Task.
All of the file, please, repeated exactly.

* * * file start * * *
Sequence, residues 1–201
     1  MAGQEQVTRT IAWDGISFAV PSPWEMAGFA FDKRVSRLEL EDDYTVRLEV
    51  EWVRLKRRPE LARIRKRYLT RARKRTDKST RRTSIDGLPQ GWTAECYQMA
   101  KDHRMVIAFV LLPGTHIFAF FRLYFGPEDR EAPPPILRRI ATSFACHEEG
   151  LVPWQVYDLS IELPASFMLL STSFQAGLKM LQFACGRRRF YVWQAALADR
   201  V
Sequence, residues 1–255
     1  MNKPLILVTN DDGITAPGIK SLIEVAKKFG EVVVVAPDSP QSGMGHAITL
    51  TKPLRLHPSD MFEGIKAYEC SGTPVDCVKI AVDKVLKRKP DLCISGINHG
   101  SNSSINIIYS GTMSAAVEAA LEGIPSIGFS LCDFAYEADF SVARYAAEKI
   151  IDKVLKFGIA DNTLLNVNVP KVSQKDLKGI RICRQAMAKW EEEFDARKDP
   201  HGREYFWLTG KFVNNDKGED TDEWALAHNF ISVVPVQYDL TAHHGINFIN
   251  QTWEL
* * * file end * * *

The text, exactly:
Sequence, residues 1–201
     1  MAGQEQVTRT IAWDGISFAV PSPWEMAGFA FDKRVSRLEL EDDYTVRLEV
    51  EWVRLKRRPE LARIRKRYLT RARKRTDKST RRTSIDGLPQ GWTAECYQMA
   101  KDHRMVIAFV LLPGTHIFAF FRLYFGPEDR EAPPPILRRI ATSFACHEEG
   151  LVPWQVYDLS IELPASFMLL STSFQAGLKM LQFACGRRRF YVWQAALADR
   201  V
Sequence, residues 1–255
     1  MNKPLILVTN DDGITAPGIK SLIEVAKKFG EVVVVAPDSP QSGMGHAITL
    51  TKPLRLHPSD MFEGIKAYEC SGTPVDCVKI AVDKVLKRKP DLCISGINHG
   101  SNSSINIIYS GTMSAAVEAA LEGIPSIGFS LCDFAYEADF SVARYAAEKI
   151  IDKVLKFGIA DNTLLNVNVP KVSQKDLKGI RICRQAMAKW EEEFDARKDP
   201  HGREYFWLTG KFVNNDKGED TDEWALAHNF ISVVPVQYDL TAHHGINFIN
   251  QTWEL